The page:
Something of the same argument can be when companies or people choose between cloud computing services and building their own data centers. Obviously, large enterprises often justify building their own data centers. Others might be able to justify renting space in somebody else’s data center. Smaller organizations might well find that renting computing cycles is the better choice.
Google Sr. Manager, Production Network Engineering and Architecture at Google argues that the decision is highly dependent on duty cycle. Steady, predictable loads, especially at a high rate of utilization, will tip economics in favor of self-operated or co-located facilities. Highly-variable demand, and low volume, will tend to tip the economics in favor of a cloud computing solution.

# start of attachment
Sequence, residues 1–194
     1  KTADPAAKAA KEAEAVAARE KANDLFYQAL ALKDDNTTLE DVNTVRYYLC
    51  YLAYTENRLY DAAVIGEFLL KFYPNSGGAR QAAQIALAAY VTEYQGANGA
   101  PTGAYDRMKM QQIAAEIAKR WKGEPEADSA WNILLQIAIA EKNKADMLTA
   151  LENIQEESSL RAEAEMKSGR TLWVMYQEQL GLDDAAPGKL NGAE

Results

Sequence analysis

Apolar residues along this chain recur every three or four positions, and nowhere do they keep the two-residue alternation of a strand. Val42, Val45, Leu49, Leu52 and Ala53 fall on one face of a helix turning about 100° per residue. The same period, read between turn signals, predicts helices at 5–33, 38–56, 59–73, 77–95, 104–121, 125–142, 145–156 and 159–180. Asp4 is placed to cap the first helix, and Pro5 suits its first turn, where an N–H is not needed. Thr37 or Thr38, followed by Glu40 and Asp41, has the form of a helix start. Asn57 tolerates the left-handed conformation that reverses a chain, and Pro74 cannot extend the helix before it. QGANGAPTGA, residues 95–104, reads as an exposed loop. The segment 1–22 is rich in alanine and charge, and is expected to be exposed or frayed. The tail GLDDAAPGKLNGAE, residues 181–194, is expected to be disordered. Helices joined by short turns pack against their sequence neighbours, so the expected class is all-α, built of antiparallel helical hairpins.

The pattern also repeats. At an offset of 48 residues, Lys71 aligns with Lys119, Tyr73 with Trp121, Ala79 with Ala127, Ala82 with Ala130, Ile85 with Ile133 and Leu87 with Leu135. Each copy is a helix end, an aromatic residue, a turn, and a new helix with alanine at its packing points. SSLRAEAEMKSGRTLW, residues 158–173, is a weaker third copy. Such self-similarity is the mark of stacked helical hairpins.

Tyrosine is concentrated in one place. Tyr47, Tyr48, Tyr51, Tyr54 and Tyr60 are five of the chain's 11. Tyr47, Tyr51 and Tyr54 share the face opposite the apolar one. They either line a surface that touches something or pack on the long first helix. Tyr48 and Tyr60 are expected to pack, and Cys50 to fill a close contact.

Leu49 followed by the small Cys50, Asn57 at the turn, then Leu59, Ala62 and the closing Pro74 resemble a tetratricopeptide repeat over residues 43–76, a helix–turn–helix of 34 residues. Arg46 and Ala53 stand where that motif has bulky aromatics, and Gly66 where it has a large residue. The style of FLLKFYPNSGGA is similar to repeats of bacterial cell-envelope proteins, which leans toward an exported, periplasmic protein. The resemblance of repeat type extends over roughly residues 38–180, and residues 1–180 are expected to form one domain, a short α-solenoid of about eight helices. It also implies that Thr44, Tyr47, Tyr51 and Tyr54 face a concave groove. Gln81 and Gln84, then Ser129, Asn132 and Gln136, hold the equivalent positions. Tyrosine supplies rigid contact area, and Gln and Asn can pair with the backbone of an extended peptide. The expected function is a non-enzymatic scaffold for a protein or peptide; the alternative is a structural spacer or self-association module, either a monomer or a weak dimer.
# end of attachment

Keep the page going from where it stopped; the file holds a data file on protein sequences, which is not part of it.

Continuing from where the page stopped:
“Think of it as taking a taxi vs. buying a car to make a trip between San Francisco and Palo Alto,” says Gill. “If you only make the trip once a quarter, it is cheaper to take a taxi.” But “if you make the trip every day, then you are better off buying a car.”
“The difference is the duty cycle. If you are running infrastructure with a duty cycle of 100 percent, it may make sense to run in-house,” says Gill. The detailed assumptions and analysis are here https://ow.ly/315qD